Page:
You need to look no further than Lehman Brothers, which was the fourth-largest financial institution in the world when it filed for bankruptcy in 2008. Or IBM in the early nineties. Apple wasn’t a household name for a long time before it eventually was. Oh, yeah, and RCA. Remember RCA? Maybe you’re too young to remember. You could buy an RCA TV at Circuit City when you wanted to get a new television. RCA is gone, and so is Circuit City, because those big box stores came and went. The one remaining big box store is Best Buy, which in fact is simply a storefront for online purchasing. 


Achieving Financial Success Requires An Optimistic Attitude

So, the world is changing, always changing, and with time it feels like the pace of change keeps picking up. The whole point of the Growth Strategy is to get in front of some of this change that nobody's talking about today and to harness it. 

We harness it to disrupt. We disrupt for the greater good.

In order to commit to the Growth Strategy, we have to be open to possibility. It’s impossible to be in the Growth Strategy and to concurrently have some fixed expectation or idea of what the future will bring. This is why I speak so much about possibility and optimism, keeping in mind that there are no guarantees. We don’t know what the future will bring, we just know that tomorrow will be different from today. We have to be optimistic about the future. 

In order to believe in the Growth Strategy, we have to at the most fundamental level believe in humanity. I believe that people want to move forward whether it's to create a better life for themselves and their families, or for the thrill of creating something new, perhaps something that benefits someone else.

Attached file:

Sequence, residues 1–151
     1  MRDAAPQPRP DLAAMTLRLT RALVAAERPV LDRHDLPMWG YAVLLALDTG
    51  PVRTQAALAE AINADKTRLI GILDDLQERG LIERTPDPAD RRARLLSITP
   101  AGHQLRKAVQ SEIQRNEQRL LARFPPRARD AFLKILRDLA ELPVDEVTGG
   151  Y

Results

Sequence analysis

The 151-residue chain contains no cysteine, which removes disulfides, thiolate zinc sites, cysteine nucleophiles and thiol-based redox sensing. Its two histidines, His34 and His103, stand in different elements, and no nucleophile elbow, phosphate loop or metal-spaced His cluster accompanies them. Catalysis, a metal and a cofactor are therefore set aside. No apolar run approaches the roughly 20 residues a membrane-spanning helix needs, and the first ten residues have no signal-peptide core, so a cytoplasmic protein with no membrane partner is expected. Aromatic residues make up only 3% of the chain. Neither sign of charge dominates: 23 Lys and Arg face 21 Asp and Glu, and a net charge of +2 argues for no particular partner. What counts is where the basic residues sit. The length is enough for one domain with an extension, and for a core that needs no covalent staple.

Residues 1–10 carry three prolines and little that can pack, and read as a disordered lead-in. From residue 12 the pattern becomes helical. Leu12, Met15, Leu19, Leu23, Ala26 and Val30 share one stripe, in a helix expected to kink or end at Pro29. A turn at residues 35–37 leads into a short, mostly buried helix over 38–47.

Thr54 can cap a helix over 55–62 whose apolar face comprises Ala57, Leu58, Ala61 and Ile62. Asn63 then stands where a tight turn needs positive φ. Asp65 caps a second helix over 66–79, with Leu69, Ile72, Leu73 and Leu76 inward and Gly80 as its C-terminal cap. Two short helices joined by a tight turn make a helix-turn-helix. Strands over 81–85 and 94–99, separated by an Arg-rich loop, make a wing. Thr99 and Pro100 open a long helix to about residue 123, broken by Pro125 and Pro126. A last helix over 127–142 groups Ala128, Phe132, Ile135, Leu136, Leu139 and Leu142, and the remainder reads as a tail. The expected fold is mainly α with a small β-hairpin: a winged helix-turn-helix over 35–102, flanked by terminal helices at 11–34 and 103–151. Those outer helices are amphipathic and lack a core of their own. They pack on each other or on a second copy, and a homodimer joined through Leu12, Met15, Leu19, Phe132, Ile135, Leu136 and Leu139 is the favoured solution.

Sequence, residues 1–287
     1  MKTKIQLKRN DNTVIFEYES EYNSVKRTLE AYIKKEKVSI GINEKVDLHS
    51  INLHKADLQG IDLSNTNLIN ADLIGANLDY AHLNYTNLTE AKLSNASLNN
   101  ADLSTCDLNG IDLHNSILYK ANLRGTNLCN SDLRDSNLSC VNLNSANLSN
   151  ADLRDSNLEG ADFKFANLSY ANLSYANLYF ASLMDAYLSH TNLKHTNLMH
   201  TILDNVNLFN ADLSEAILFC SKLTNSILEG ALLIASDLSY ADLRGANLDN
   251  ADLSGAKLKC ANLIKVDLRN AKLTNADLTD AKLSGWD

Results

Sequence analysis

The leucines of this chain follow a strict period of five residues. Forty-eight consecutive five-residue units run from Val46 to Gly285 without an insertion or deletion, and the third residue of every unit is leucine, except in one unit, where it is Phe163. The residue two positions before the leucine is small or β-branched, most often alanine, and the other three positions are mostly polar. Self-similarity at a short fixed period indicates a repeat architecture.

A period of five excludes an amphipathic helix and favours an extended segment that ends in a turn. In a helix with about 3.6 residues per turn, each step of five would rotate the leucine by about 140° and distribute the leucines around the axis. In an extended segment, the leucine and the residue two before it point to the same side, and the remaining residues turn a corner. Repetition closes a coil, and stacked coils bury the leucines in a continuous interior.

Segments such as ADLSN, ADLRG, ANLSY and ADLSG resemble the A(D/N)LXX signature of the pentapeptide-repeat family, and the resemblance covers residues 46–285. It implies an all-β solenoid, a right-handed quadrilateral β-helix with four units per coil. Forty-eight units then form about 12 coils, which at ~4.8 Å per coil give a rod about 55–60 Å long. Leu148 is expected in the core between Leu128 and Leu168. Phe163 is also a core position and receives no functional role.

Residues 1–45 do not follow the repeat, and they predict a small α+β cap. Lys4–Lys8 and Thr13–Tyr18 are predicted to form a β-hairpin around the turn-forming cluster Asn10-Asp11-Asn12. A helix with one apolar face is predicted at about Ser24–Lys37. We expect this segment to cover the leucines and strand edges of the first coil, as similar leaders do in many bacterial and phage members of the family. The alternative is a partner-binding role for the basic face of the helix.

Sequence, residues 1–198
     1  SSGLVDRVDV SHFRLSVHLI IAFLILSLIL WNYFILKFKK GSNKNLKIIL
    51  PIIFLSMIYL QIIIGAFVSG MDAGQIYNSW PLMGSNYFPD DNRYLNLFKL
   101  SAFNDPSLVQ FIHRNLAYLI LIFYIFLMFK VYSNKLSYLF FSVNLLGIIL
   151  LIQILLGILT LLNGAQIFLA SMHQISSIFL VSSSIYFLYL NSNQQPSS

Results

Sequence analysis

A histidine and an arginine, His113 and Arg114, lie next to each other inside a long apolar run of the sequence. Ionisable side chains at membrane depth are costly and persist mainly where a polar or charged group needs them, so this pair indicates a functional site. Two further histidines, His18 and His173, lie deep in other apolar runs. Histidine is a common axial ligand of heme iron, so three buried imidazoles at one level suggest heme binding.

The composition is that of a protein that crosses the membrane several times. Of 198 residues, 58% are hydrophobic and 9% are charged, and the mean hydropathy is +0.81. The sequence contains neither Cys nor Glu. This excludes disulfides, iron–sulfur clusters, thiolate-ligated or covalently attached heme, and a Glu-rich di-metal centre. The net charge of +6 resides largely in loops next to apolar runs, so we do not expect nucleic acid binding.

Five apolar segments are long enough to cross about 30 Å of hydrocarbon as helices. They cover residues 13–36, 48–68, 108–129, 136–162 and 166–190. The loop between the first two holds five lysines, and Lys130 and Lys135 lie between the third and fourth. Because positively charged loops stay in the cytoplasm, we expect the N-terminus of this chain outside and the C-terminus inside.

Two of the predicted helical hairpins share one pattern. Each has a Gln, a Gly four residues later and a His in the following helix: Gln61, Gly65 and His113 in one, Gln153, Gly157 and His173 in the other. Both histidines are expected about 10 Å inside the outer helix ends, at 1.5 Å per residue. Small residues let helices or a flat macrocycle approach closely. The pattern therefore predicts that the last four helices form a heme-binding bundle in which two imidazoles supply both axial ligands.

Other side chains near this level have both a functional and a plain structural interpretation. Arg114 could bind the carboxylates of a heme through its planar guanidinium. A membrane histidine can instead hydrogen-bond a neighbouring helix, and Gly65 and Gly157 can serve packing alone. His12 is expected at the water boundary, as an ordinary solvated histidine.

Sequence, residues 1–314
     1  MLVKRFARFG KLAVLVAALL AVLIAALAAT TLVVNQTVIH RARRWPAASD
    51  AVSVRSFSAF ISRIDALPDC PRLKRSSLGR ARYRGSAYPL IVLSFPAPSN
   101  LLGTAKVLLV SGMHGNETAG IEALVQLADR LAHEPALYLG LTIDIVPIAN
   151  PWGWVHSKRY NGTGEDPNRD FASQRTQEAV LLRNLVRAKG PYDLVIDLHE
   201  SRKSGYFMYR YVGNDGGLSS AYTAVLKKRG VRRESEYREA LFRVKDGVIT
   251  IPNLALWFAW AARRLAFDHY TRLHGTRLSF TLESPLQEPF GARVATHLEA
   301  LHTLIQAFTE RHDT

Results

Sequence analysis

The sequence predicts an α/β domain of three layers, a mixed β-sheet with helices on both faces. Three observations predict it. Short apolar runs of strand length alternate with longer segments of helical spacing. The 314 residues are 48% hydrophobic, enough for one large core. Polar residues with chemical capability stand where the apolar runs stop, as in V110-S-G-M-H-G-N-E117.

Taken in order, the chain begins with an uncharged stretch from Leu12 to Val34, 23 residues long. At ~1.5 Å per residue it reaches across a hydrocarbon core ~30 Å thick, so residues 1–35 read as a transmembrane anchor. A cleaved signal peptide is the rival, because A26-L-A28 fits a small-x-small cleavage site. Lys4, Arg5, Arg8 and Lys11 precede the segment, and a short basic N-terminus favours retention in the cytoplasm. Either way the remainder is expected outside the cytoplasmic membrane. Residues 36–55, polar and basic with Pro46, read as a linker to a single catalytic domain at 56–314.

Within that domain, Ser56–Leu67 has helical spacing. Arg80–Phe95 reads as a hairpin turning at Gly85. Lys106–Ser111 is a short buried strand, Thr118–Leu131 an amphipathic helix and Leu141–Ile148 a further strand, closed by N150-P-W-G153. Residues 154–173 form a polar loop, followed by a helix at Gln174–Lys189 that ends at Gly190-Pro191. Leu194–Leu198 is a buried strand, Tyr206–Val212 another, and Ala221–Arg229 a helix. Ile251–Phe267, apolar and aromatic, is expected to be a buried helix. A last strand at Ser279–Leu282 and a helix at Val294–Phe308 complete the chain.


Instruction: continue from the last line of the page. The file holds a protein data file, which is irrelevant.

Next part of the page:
This notion of creating something better or acting for the benefit of others explains the nature of my relationship with my mentor, David. 

In all the years that I have known him, he has never benefited financially from any interaction with me. When I met him, I was a rookie advisor, and he was an internationally recognized investor, advisor, speaker, and author. After I finished reading his book, we had our first-ever phone call where we spoke for 25 minutes. Not even a week later, he spent another two hours with me on the phone. He could have been making a lot of money in those two hours, or doing something else instead of spending it on the phone with me. But he didn’t. He chose to spend the time with me. 

Since then, our relationship has continued to grow. Why does this man spend so much time with me, when he gets nothing materially from our relationship? There is a higher level of fulfillment for him in knowing that his creation, the strategies we employ at our firm, are benefiting others through the work that we all do here at Beck Bode. This, to me, is so powerful. It inspires me to do more.


Work With a Financial Advisor Who Is Comfortable With Change 

Coming back to disruption. 

Disruption is good when it’s focused in the right way. If something I do or say causes another person to think critically about something, then already I have created value. They don’t even need to agree with me. No matter how much I personally disagree with the opposing argument, it is the debate that’s valuable. The debate is great.  

I don't think we go anywhere unless we continually have that debate — whether it’s about bonds, or how long you should hold on to a stock, or any other topics where there is another side to consider. (Isn’t there another side to everything?) There are so many information sources that present a one-sided view of a given topic. For every one of those, we need a counterpoint. We need to at least entertain the notion that the opposite may also be true. 

Our job at Beck Bode is to challenge the financial industry and conventionally held views about how to invest. Our job is to disrupt. It’s not easy, but it’s healthy and necessary work. 

We can always keep in mind: we are doing it for the greater good.

Ben Beck is Managing Partner & Chief Investment Officer at Beck Bode, a deliberately different wealth management firm with a unique view on investing, business, and life.